Yeah. So I think you're touching on a couple of things. You said, How do you know to me, I'll go back to what I said earlier, which is, you know, are you regularly regularly missing your growth objectives? Yeah. You know, to me, you've got a process problem. Always, you regularly missing your growth objectives. I'm not talking about a bad quarter or go through a pandemic, right, like, but if you're regularly missing your growth objectives, you have a process problem. Hands down, right? Don't challenge me on that change my mind, right? What did that mean? Right? Like, that's me what that means change my mind. So you have a process problem if you regularly miss your growth objectives, taking that a layer down. Now, what do you do? I think it's wildly valuable to get some outside perspective. Because when you're in I told I told someone, that fact this the other day, so I, I have a coach. What's funny is I coach a lot of people. But you know, the coach needs a coach. You know, it's just like any, you know, high performing, you know, individual, they always have a coach, it's white tiger woods has that person who, yes, it's his caddy. But that person's pointing out certain things about, you know, the lay, or I'm using golf terms. I don't know anything about golf. But that person helps point things out, you know, and then there's like a trainer, right? So coaches need coaches. And so that really dawned on me the other day was that, you know, there's a lot of stuff that I know that I coach people on that when I try to figure it out for myself in my organization, I lock up, they really go into this paralysis of like, I'll run myself in circles. So that's the value of the coach can say, pause, stop, answer this question, and focus me and whatnot, so that there's huge value to getting some outside perspective. audit, the first thing is audit your process audit, what's going on, in having that done with some outside perspective, is going to be wildly more valuable than if you just kind of do that to yourself, wildly, 
 
Joe  
let me just tell you a quick story about that. We, you know, we're working with a client that is going through a development project, a software development project that is going to help operationalize their business. And actually, it already has a lot of ways. And they are building a custom software to help move production through. And so he came to me and said, Oh, my gosh, we're having this problem getting some of the data into the tax system, that the system that's going to reconcile our taxes for us. And so what we need is we need to have the developers do an API integration to inject the data into this other software. And he's like, this is this is how we're going to solve this problem. And I is the consultant who's not in his business and not day to day working with these developers. And it's not top of mind for me that like the only way to solve this problem is the developers. I said, Well, that's going to cost us 7500 bucks. Have you considered this associate? Have you considered just assigning one of your, you know, $15 an hour employees to once a month, do an export from the system and then do an upload into the other system? Would that be sufficient? Like, well, I guess that that guess that would, that's it, then all you need is a process to remind them to do that once a month, and you need an exception report to remind you, if they didn't do it, so that you can call them out on it. And that's gonna save you 70 $500. And it's going to take them all of like nine minutes, Max. And he blew his mind. And he's like, this is exactly why we have you. And I didn't do anything, all I did was come in without his muddled hat on the 
 
Frank  
preconceived notion, right? 
 
Joe  
He just assumed we're solving problems with developers and technology, this is how we're going to do it, get me a cost for it. And I said, That's not how you're going to do it, you're going to do it in the most, you know, analog way possible, kind of, and this is why you need an outside set of eyes, whether that's a true like paid consultant, or whether that is a friend who just goes through your process for you need somebody outside of you, to help you understand what's really happening.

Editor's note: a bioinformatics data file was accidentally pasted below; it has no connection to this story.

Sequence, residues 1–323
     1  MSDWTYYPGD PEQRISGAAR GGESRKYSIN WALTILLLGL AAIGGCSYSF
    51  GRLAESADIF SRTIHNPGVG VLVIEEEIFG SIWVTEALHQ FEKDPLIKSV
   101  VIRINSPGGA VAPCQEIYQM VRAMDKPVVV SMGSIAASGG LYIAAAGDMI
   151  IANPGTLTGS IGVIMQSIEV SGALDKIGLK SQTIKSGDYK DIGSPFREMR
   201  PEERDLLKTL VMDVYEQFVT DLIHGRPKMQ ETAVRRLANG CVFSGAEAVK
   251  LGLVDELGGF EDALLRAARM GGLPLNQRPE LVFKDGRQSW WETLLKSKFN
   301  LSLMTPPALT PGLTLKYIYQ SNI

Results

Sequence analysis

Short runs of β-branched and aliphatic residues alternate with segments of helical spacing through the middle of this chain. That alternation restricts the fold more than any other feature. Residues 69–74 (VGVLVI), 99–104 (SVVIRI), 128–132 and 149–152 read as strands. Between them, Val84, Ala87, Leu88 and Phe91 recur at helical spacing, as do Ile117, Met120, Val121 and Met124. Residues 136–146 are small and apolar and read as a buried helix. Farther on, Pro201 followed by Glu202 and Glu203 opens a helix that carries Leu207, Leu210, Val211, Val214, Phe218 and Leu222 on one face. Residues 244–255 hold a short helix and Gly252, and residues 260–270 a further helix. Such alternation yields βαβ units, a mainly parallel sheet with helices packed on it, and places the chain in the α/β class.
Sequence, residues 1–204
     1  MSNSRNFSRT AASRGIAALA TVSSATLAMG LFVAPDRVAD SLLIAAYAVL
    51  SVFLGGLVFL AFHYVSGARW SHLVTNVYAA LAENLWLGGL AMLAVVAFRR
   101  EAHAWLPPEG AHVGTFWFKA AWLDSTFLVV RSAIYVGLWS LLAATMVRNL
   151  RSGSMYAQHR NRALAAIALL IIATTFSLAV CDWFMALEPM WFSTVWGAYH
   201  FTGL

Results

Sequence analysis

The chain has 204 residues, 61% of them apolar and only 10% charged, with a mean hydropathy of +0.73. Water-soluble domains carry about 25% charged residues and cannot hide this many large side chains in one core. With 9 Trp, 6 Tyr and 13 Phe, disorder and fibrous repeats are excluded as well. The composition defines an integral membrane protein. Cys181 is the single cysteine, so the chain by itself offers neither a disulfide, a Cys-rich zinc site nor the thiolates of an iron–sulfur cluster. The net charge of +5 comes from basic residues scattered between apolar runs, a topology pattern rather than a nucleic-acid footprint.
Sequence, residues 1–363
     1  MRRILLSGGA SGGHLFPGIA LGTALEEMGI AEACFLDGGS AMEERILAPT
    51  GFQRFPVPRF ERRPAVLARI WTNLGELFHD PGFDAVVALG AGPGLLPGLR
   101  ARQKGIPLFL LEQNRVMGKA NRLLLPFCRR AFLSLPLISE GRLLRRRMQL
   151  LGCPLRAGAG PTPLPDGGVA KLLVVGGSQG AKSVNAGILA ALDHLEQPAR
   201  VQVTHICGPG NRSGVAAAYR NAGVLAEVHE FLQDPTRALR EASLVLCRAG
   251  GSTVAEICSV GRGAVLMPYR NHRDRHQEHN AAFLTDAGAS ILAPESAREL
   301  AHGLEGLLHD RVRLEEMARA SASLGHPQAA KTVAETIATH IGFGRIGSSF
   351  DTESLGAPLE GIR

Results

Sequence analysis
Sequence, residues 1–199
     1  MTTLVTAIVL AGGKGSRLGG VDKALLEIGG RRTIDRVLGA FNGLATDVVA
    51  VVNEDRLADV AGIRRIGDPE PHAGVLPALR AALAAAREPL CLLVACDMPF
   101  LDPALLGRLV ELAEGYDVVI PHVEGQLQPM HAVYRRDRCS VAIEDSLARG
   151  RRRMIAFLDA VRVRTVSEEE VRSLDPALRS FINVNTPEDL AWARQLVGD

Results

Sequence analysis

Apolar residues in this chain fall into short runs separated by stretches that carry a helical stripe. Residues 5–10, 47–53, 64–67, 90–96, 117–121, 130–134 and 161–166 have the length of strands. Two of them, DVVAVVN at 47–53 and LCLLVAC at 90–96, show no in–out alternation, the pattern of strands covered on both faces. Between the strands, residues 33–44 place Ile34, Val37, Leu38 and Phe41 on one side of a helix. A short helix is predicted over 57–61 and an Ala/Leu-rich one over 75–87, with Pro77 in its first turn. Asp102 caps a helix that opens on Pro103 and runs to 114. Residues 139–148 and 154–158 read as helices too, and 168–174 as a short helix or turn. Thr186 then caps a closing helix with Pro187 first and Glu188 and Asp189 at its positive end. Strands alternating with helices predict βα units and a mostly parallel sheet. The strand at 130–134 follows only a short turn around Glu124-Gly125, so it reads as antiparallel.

Frank  
Yeah, because, you know, people have often asked me along the lines of your coaching situation, there is coaching example there, people have often asked like, oh, like, what are the skills around coaching this and that, what I'll tell people is, when you get it, right, when you truly understand how to ask the questions, and how to, you can go into almost any business and audit almost anything, because it's about a set of questions. And it's about a probing technique, in a discovery technique that can actually be applied anywhere in the problem is, is, you know, the US as leaders of organizations, we have those skills, and that's easy to understand. But overlaid on top of that is the content. It's the knowledge. Yeah, the knowledge is what actually screws us up. We know too much. Right? And so it, that process to be done right actually needs to be done with someone who has actually a lot less knowledge about your business than you do and isn't like getting all clouded with the content of your business. Hmm, right in so that those questions can be asked with the right spirit and not with these like biases. So really important, as you're talking about third party, getting an outsider to really help you audit what's going on and help expose and hold a mirror up. This is what's happening now. 
 
Joe  
So I think if you have a process problem, or if you think after listening to this, that you may have a process problem, a couple of steps, you can take one, go to buildingyourdigitalutopia.com where you can actually download some pre made processes for the marketing team for the sales team. I think if you want to even take the next step and get that extra set of eyes, we can even help with that. 
 
Frank  
Yeah. So on that, on that very website, there's a way to get in touch with myself and Joe. And, you know, we'd love to talk with you about those missed growth objectives, and what's happening in your organization. And, you know, our initial consultations are no charge, and we're happy to, you know, have those conversations. And, you know, if it's not myself or Joe, like we have strategists on our team, who can, who can talk through that with you, revenue operations strategists. So at least take the one step that Joe mentioned, which is go to buildingyourdigitalutopia.com. There's some free resources for you there. There's a link to the book, which talks a lot about this high level process that we've been talking about over so many episodes. And then again, if you'd like to get in touch, you can do that as well on that website. So thanks for joining us today. Looking forward to Episode 36. When you come back, take care and have an awesome day.